Ireland's Taoiseach Leo Varadkar and Britain's Prime Minister Boris Johnson | Pool photo by Noel Mullen via Getty Images
Johnson and Varadkar hold ‘constructive’ Brexit discussion
The prime ministers of Britain and Ireland ‘see a pathway to a possible deal,’ says Downing Street.
Updated 10/10/19, 6:43 PM CET
LONDON — Boris Johnson and Leo Varadkar held a “detailed and constructive discussion” on the details of the U.K. government’s latest proposal for a Brexit deal.
The meeting, which took place at lunchtime in the village of Thornton Hough on the Wirral, was widely seen as Johnson’s last push for a deal ahead next week’s European Council summit where he must make dramatic progress if he is to meet his self-imposed deadline for pulling the U.K. out of the EU by October 31.
Prior to the meeting, the Irish gave Johnson’s proposals — which envision setting up a customs border between Northern Ireland and the Republic and a regulatory border between Northern Ireland and the rest of the U.K. — a frosty reception. The plan appears to have been widely rejected by the EU.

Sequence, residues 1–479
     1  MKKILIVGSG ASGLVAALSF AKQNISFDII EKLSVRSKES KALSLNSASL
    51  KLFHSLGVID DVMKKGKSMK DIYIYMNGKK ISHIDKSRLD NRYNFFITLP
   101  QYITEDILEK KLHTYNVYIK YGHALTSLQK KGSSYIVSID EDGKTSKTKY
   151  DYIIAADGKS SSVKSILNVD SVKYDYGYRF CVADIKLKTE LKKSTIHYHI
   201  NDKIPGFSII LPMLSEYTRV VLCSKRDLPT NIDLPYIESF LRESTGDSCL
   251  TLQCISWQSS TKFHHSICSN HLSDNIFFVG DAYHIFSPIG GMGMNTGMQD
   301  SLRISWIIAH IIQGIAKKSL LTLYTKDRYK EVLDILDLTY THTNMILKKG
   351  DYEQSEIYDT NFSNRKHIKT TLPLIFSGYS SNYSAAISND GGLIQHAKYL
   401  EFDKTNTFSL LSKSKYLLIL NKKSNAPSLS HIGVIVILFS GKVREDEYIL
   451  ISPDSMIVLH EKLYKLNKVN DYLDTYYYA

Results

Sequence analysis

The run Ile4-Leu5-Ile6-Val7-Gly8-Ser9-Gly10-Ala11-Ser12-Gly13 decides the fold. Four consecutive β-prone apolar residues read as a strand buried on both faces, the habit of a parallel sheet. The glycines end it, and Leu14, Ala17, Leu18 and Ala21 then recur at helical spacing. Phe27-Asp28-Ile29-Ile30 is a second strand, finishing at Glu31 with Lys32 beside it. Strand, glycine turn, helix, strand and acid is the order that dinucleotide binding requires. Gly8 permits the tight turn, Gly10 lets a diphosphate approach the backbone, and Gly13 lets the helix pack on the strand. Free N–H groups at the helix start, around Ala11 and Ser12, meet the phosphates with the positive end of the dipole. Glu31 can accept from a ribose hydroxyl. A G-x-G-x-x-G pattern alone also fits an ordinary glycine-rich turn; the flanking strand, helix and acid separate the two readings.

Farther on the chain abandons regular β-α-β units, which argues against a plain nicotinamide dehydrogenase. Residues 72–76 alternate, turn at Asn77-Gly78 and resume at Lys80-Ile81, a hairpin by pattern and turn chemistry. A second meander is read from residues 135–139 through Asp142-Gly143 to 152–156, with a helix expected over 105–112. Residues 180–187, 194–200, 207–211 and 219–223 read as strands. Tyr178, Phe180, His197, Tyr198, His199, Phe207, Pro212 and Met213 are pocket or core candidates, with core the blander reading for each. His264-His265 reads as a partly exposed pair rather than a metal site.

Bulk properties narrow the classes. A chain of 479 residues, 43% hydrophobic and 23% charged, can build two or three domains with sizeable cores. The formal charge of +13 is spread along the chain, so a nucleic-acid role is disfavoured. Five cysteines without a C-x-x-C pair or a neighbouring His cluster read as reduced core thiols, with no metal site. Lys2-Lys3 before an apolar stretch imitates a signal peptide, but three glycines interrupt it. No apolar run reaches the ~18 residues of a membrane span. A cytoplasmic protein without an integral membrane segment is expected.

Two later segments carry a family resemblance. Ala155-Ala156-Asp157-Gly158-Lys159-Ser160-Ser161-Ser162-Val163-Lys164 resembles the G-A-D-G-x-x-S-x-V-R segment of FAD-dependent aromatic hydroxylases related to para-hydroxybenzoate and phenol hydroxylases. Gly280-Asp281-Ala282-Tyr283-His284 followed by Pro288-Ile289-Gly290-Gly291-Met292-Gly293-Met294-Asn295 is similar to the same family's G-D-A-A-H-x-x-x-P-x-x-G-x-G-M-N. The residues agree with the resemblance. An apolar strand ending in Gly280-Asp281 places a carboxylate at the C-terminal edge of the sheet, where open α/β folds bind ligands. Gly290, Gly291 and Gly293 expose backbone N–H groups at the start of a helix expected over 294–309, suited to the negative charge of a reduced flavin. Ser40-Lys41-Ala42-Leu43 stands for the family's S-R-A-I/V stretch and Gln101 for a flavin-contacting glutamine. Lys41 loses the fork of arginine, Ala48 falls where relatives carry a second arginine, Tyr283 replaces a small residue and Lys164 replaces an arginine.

However, speaking at a press conference following the meeting, Varadkar said that following a “very positive and very promising” meeting it is now possible for both parties to strike a deal by the “end of October.”
“I do see a pathway towards an agreement in the coming weeks,” he said.
The Irish prime minister added that negotiations needed to continue to ensure that any long-term arrangement that applies to Northern Ireland has the consent of its people and that there is no customs border on the island of Ireland.